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College towns are transforming red states, ‘decimating the GOP’

Liberal college towns ‘have played a pivotal role in turning red states blue’

College towns are moving further to the left, making it significantly more difficult for Republicans to win some otherwise overwhelmingly red states.

Teresa Mull at The Spectator World wrote recently of the divide between blue college towns within majority red states.

“I live in Philipsburg, an old lumber and coal-mining town about twenty-five miles from State College, home to Pennsylvania State University,” Mull wrote.

“I dread having to go to State College, and my Philipsburg friends tend to feel the same way,” she wrote.

“The crosswalks are painted as prideful rainbows. The lampposts flaunt flags letting passersby know ‘Latinx students belong here,'” she continued. “Smug professors clog the aisles of Trader Joe’s with their carts while they take their time (and yours) inspecting the origins of the Everything but the Bagel Seasoned Smoked Salmon.”

One hundred and seventy-one American cities and counties are designated as “college towns,” according to a report from The American Communities Project, a data-gathering initiative of the Michigan State University School of Journalism.

“Of those 171 places, 38 have flipped from red to blue since the 2000 presidential election,” according to a July article titled “How College Towns Are Decimating the GOP” in Politico.

“Just seven flipped the other way, from blue to red, and typically by smaller margins. Democrats grew their percentage point margins in 117 counties, while 54 counties grew redder.”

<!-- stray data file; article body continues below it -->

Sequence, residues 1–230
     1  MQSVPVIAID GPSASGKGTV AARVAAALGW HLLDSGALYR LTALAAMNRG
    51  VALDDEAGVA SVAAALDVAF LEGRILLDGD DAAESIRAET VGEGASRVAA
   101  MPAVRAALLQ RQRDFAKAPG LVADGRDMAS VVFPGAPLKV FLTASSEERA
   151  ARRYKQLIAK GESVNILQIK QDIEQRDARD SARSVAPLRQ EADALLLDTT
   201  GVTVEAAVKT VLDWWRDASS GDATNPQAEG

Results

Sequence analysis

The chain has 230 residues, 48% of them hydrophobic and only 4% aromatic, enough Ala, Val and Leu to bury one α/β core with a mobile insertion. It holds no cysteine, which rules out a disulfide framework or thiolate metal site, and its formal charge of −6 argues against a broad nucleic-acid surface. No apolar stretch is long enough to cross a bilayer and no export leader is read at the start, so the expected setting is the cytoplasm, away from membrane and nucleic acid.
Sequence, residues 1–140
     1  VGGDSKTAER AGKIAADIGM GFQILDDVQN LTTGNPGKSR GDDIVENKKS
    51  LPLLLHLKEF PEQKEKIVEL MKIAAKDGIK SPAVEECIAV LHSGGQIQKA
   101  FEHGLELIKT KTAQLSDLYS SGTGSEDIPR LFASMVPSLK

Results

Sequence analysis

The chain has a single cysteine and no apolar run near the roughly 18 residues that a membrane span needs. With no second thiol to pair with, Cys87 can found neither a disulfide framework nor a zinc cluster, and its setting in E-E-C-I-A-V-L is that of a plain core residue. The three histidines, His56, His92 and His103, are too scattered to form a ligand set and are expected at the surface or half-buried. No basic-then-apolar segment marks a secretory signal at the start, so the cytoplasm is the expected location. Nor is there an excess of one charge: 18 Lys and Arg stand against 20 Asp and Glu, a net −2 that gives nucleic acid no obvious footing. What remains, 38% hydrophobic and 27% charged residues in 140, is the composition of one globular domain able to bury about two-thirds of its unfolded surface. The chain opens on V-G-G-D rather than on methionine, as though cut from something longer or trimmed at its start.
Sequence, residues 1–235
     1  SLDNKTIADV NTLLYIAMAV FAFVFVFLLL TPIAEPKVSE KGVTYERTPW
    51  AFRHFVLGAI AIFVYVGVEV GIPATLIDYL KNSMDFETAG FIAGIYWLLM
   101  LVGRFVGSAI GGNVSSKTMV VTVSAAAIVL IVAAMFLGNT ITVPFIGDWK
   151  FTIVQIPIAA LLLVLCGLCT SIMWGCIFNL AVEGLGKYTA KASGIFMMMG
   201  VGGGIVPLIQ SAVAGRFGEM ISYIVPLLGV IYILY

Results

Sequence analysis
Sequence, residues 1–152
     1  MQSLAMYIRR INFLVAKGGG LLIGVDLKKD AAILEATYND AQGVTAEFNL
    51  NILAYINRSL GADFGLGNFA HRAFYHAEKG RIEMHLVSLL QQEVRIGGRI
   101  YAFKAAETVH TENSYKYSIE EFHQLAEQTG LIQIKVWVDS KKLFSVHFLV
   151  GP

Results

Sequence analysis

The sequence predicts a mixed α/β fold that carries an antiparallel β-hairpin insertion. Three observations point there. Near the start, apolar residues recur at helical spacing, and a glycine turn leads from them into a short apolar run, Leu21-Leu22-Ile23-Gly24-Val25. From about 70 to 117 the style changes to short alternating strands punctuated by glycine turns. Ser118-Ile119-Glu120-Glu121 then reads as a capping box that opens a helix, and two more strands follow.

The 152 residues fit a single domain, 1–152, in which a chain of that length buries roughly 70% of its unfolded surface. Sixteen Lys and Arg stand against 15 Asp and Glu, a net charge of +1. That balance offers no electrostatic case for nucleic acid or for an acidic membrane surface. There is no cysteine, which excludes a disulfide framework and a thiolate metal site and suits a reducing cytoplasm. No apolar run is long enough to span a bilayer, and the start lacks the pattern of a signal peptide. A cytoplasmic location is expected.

These liberal college towns and counties “are flexing their muscles, generating higher turnout and ever greater Democratic margins,” Politico reported. “They’ve already played a pivotal role in turning several red states blue — and they could play an equally decisive role in key swing states next year.”

The pattern is similar for many state flagship universities, including Arizona, Colorado, Georgia, Iowa, Kansas, Kentucky, Ohio, Texas and Virginia.

“If the surrounding county was a reliable source of Democratic votes in the past, it’s a landslide county now,” according to Politico; these counties are “altering the political calculus across the national map,” pushing otherwise red states out of the Republican party’s reach.

Republican organizers and politicians have been unsure how to respond to the power of the blue campus vote.

“Young voters are the issue,” former Republican Gov. Scott Walker wrote on X in April.

“It comes from years of radical indoctrination — on campus, in school, with social media, & throughout culture,” the former politician and president of Young America’s Foundation said. “We have to counter it, or conservatives will never win battleground states again.”

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